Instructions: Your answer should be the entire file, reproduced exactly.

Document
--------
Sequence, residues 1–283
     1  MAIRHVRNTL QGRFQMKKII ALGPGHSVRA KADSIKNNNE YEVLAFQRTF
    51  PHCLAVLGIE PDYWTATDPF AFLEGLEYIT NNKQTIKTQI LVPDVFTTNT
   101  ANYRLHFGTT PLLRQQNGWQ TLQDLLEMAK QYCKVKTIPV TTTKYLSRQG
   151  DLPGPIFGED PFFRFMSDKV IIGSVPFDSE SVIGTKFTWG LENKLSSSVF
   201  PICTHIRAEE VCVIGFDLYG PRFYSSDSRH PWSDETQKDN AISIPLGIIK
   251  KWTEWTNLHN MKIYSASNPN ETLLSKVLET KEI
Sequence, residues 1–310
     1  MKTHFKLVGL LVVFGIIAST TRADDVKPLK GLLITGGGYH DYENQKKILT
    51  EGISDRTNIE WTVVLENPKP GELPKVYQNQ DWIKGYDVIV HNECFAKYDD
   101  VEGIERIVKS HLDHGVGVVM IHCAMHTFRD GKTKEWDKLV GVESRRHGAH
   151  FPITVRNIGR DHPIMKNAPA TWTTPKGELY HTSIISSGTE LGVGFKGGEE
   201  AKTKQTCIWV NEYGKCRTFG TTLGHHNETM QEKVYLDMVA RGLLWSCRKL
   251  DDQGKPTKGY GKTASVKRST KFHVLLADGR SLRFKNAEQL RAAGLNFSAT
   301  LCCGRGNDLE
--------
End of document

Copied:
Sequence, residues 1–283
     1  MAIRHVRNTL QGRFQMKKII ALGPGHSVRA KADSIKNNNE YEVLAFQRTF
    51  PHCLAVLGIE PDYWTATDPF AFLEGLEYIT NNKQTIKTQI LVPDVFTTNT
   101  ANYRLHFGTT PLLRQQNGWQ TLQDLLEMAK QYCKVKTIPV TTTKYLSRQG
   151  DLPGPIFGED PFFRFMSDKV IIGSVPFDSE SVIGTKFTWG LENKLSSSVF
   201  PICTHIRAEE VCVIGFDLYG PRFYSSDSRH PWSDETQKDN AISIPLGIIK
   251  KWTEWTNLHN MKIYSASNPN ETLLSKVLET KEI
Sequence, residues 1–310
     1  MKTHFKLVGL LVVFGIIAST TRADDVKPLK GLLITGGGYH DYENQKKILT
    51  EGISDRTNIE WTVVLENPKP GELPKVYQNQ DWIKGYDVIV HNECFAKYDD
   101  VEGIERIVKS HLDHGVGVVM IHCAMHTFRD GKTKEWDKLV GVESRRHGAH
   151  FPITVRNIGR DHPIMKNAPA TWTTPKGELY HTSIISSGTE LGVGFKGGEE
   201  AKTKQTCIWV NEYGKCRTFG TTLGHHNETM QEKVYLDMVA RGLLWSCRKL
   251  DDQGKPTKGY GKTASVKRST KFHVLLADGR SLRFKNAEQL RAAGLNFSAT
   301  LCCGRGNDLE